Justin Vela

Bosporus Blog: PKK-Turkey peace

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Amed Diyar,19, and Murat Cicek,19, stand in front of Diyarbakir's old city walls. Their generation of Kurds have grown up surrounded by the PKK-Turkey conflict  and faced constant harassment from Turkish authorities.

Amed Diyar,19, and Murat Cicek,19, stand in front of Diyarbakir’s old city walls. Their generation of Kurds have grown up surrounded by the PKK-Turkey conflict and faced constant harassment from Turkish authorities.

Despite Abdullah Ocalan’s call for a ceasefire and withdrawal of militants to northern Iraq, there are no clear details of how a lasting PKK-Turkey peace will be implemented. The next steps need to be announced quickly to sustain energy surrounding the new peace initiative.

This past week I was in Diyarbakir, the largest city in Turkey’s majority-Kurdish southeast region. The message from Kurdish politicians was this is the last chance for the Turkish government to make peace. The coming generation of Kurdish militants have grown up only knowing war and faced intense repression from Turkish security forces. They are likely to be less willing than their elders to make a compromise to end the conflict.

Several of these Kurdish youths told me what steps they wanted to see next from the Turkish government in order to build a lasting peace.

Amed said that Turkey needed to change its laws to work for its citizens.

“Justice must be for protecting the people,” he said. “But in Turkey it works the opposite way. The laws are working against the people.”

Ronni said the Turkish government must make public statements about why Kurdish identity was denied in the past and “confess the truth” and its “lies” to Turkish society.

Celel, 32, who was released from prison only two months ago, said the government must release other Kurdish prisoners.

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The jailed Mr. Ocalan’s historic call for peace was read at traditional Nowruz festivities in Diyarbakir. The announcement marked the beginning of the new peace initiative, which is viewed by international observers as having the best chance for solving the conflict, possibly ever, because it directly involves Mr. Ocalan and Turkey’s powerful Prime Minister Recep Tayyip Erdogan. The two men hold command of their constituencies and together have the power to end the conflict.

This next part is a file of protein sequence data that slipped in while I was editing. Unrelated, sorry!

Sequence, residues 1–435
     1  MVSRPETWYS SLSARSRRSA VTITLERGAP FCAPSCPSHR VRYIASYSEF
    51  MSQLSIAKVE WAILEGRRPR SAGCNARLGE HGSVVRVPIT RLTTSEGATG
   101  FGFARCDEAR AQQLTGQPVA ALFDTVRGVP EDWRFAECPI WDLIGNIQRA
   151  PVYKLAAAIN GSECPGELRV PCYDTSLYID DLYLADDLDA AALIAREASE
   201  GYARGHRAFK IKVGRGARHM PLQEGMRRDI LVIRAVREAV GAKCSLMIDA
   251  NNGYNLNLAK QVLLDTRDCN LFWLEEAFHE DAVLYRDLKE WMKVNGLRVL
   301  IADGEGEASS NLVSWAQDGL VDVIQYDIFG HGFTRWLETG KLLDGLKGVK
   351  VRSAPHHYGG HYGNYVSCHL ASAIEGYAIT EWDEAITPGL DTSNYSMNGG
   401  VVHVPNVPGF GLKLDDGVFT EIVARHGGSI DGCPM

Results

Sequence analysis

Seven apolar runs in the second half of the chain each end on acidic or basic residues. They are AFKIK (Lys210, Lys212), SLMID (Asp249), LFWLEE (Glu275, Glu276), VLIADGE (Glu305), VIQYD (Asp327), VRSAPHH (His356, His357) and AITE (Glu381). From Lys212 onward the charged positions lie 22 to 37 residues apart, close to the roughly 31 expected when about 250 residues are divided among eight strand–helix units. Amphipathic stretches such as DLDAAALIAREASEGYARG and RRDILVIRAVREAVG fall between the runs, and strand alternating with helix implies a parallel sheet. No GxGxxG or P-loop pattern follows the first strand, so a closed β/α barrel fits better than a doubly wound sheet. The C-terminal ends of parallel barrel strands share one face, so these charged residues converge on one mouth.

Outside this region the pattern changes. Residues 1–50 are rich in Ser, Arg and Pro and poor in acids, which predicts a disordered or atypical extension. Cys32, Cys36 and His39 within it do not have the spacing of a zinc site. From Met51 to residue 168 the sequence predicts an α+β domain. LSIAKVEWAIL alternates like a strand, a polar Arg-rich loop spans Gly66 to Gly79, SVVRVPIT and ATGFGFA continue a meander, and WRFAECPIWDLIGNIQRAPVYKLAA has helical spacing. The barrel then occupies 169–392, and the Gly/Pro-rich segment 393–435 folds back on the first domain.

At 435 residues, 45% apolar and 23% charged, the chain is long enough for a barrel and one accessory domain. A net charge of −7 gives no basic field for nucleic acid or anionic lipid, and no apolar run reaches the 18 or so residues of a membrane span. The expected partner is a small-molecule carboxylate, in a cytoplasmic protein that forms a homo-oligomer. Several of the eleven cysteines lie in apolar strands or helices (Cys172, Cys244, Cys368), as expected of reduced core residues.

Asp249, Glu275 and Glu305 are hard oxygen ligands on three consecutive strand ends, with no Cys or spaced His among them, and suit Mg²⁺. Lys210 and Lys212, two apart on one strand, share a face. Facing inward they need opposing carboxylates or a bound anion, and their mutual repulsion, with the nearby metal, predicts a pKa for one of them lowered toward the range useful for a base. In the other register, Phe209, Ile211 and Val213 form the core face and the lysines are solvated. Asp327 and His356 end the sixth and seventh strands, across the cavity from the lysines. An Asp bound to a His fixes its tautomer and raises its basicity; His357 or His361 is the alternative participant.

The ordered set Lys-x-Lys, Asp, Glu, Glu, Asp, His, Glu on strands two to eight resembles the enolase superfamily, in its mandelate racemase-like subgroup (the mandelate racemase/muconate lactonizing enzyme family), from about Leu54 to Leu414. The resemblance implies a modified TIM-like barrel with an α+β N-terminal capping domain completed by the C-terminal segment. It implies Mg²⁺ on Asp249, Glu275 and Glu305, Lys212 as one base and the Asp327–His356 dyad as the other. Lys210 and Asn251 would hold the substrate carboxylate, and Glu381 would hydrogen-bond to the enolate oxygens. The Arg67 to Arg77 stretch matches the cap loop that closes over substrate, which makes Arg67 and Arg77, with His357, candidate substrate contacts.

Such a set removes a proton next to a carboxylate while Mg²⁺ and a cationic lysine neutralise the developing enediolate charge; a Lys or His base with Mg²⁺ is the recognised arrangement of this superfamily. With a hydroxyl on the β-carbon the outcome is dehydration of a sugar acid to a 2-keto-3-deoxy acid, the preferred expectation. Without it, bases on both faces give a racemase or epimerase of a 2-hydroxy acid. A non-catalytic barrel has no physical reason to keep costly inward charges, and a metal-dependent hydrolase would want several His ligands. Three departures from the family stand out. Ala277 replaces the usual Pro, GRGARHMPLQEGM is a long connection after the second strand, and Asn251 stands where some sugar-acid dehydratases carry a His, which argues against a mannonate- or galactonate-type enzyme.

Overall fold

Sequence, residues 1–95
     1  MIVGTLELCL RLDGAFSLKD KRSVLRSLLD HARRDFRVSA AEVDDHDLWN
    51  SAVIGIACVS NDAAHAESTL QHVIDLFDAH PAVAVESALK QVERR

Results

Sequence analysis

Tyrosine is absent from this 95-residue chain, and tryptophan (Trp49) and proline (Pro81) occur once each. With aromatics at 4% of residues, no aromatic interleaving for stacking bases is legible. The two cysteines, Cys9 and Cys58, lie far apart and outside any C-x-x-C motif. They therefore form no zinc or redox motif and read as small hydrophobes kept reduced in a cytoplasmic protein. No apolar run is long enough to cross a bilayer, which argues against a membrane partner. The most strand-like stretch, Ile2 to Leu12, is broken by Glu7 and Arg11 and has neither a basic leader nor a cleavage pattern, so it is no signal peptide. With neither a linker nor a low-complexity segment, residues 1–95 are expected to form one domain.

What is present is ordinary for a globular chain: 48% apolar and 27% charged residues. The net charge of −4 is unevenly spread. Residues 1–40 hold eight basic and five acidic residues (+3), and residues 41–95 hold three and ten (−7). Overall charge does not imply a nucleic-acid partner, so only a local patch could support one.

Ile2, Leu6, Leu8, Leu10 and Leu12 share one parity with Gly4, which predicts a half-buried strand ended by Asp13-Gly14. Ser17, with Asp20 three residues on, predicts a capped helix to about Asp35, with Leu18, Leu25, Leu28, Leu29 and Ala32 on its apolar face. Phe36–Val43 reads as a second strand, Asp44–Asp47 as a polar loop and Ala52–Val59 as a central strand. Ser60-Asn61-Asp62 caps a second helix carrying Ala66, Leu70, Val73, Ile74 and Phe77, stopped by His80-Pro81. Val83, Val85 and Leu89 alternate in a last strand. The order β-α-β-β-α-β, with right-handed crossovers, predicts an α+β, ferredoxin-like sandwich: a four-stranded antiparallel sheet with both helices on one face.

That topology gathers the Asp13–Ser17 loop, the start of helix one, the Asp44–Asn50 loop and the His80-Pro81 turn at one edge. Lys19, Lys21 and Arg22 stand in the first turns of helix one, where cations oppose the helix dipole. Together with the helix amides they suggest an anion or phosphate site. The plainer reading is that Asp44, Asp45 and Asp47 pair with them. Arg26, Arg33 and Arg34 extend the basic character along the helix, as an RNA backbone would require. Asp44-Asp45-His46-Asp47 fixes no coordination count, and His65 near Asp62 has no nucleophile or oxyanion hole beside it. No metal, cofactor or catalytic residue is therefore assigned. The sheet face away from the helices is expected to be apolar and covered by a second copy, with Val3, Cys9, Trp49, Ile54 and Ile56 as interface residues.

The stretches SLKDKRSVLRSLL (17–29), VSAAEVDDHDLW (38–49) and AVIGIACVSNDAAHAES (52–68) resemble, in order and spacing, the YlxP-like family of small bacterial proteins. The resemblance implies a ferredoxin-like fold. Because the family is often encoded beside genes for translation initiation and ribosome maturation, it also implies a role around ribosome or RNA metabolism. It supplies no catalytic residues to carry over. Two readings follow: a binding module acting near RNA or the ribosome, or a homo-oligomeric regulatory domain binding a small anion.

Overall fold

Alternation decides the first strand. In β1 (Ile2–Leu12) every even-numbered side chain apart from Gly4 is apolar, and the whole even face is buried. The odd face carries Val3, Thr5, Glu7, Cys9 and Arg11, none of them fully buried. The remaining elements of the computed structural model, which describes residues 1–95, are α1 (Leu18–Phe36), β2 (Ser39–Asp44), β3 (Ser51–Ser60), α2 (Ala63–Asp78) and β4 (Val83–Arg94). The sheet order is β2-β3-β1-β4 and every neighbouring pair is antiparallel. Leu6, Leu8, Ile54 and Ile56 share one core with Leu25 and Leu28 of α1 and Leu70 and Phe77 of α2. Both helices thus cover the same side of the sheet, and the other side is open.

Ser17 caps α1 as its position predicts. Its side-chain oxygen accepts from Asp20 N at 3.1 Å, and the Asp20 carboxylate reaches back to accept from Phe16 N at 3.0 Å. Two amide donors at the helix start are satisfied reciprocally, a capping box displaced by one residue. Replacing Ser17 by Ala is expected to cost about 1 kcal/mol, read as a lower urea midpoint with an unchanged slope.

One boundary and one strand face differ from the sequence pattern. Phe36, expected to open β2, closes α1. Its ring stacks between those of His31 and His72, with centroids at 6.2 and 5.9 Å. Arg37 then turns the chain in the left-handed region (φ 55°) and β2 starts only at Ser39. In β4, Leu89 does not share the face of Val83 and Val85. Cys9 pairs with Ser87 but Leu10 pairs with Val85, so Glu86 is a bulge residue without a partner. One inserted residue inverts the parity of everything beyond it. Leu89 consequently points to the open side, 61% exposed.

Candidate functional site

Kurds in Diyarbakir were enthralled to hear Mr. Ocalan’s words read aloud, but their response to the message was less than ecstatic. They trust Mr. Ocalan, but have little faith that the Turkish government will not betray them again.

Ceasefires are nothing new in the decades-long conflict and concessions and clear steps forward are needed for Kurds to have confidence in the new initiative. Kurdish optimism surrounding this latest call for peace stems from possessing no alternative except to continue their already decades-long armed struggle.

Tragically, while in Diyarbakir I learned that Piremerd, a young Kurd from Diyarbakir that I met in 2010, was killed fighting for the PKK. He’d just been released from jail. Over the next few years he continued to face police harassment. It became too much and he left Diyarbakir to join the PKK. Later, he died in battle.

Only a lasting peace built on clear social reconciliation between Turks and Kurds will ensure future generations do not meet the same fate.

Gulistan Akbas, 29, teachers Mirza Zana Jir, 4, to read at a Kurdish language kindergarten in Diyarbakir, Turkey on October 19, 2013. Technically illegal, the school opened in October 2012 and teaches 14 students in Kurdish.

Gulistan Akbas, 29, teachers Mirza Zana Jir, 4, to read at a Kurdish language kindergarten in Diyarbakir, Turkey on October 19, 2013. Technically illegal, the school opened in October 2012 and teaches 14 students in Kurdish, a sign that the Turkish government is now willing to allow greater cultural rights to Kurds.

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Written by Justin Vela

March 23, 2013 at 12:25 pm

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